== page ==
In a small bit of good news, inflation has been trending downward. It peaked under the Biden administration at a whopping 9 percent in the summer of 2022—leaving Americans to grapple with skyrocketing prices for necessities like groceries, housing and gas. Now it sits at about 3.7 percent—up from last month—with a goal to get it back down to 2 percent.

Presented with this news, the Federal Reserve is pausing interest rate increases for now, after raising them repeatedly in an attempt to rein in inflation, but its reasoning may be more complicated. Interest rate hikes contributed to the failures of many sizable banks, continue to wreak havoc on Americans and the housing market, and could still result in a recession. Nevertheless, Biden and company have been quick to take victory laps touting their supposed successes on inflation.

In a video, the Biden administration claimed, “Here Are the Facts. Under the Biden Harris Administration Inflation Has Fallen.” That’s not all. In a recent speech, President Joe Biden recently announced, “While we have more to do, inflation is down by two-thirds. Inflation is now down close to 3%, the lowest among the world’s leading economies.” With PR spin like this, you’d expect to find Biden unfurling a mission accomplished banner in the Oval Office, but he ought to be more discerning.

As other outlets have pointed out, the Biden administration’s statements are disingenuous and misleading at best, and anyone who has shopped at a grocery store recently can attest to this. To begin with, the once-vaunted Inflation Reduction Act of 2022 appears to be a flop at curtailing inflation, and Biden apparently knows this.

He even admitted, “I wish I hadn’t called it that because it has less to do with reducing inflation than it has to do with providing alternatives that generate economic growth.” Give Biden kudos for his honesty in this moment, but he still needs to own up to the reality around his other statements about taming inflation.

For one, it’s important to understand the difference between a falling inflation rate and falling prices. Yes, the inflation rate has dropped thankfully, but prices have not. As a National Review editorial noted, “Only the rate at which inflation is increasing has slowed. Keep in mind that inflation is cumulative; much like compound interest, it just keeps adding up. After a large increase in the prior year, it is not particularly impressive that the current year increase will be lower, but that lower number comes on top of — or in addition to — the prior year’s number.” Put simply, inflation from last year is baked into prices already and will almost certainly remain that way.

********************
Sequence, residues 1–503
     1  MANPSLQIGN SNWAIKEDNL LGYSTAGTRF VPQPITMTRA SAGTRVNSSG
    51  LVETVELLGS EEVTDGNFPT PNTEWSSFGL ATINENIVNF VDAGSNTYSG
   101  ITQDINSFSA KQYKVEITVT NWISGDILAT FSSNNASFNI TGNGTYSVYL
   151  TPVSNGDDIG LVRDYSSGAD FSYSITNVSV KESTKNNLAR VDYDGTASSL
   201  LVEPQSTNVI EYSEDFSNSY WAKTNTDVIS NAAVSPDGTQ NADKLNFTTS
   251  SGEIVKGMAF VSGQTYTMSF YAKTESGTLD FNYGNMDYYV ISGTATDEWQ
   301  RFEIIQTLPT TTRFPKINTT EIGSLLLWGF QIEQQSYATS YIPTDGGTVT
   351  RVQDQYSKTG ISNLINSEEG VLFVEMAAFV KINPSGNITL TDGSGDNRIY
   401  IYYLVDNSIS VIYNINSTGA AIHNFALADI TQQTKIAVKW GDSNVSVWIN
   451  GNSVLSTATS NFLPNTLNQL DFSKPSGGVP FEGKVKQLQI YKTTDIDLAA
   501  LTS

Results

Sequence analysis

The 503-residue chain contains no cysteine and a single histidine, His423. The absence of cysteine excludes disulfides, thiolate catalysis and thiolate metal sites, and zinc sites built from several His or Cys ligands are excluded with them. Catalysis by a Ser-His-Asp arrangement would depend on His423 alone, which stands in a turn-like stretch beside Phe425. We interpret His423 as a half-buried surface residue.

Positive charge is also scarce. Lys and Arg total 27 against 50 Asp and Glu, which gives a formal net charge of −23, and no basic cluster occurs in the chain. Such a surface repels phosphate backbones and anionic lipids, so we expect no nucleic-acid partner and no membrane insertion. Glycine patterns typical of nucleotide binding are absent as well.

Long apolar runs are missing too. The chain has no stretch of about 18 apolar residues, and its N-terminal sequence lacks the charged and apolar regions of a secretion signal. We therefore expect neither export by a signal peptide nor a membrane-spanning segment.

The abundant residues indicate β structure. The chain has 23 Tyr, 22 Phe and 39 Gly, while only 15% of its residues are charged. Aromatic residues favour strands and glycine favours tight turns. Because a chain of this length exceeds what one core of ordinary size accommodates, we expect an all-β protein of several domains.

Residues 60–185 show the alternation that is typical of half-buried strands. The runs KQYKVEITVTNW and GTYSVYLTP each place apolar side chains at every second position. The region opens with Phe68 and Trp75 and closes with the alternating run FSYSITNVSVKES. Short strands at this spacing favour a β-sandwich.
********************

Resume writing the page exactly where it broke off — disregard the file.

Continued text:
The cumulative increase in prices since Biden took office is astounding. In aggregate, prices have soared over 16 percent; grocery prices have surged by around 20 percent; electricity by 26 percent; used cars by 35 percent; energy by 38 percent; and airline fares by 39 percent. The inflation rate may have inched downward, but Americans are still feeling economic pain.

Despite this troubling data, Biden administration apologists have been delivering some laughable hot takes in defense of the president. Economist Paul Krugman tweeted, “In the past I’ve focused on a measure that excludes lagging shelter and used cars as well as food and energy. Just to note that it adds to the evidence that inflation has been largely defeated.” In other words, if you don’t factor in the costs of vital necessities, then inflation isn’t so bad.

At least we have lower inflation than other leading countries, right? When Biden made that statement, it was at least partially true. Among the seven foremost economies—members of G7—the U.S. boasted the lowest rate, although Japan’s rate was unavailable at the time. However, we didn’t hold the lowest among members of the Organization for Economic Cooperation and Development. Denmark, Greece, Portugal, South Korea, Spain and Switzerland all had lower rates than the United States.

Overall, I suppose our standing compared to many other countries is largely welcome news, but it offers little consolation to Americans who struggle to pay their electric bills and buy groceries for their families. In the end, Biden should spend less time taking credit for a victory that hasn’t happened and focus on actually addressing the problem at hand.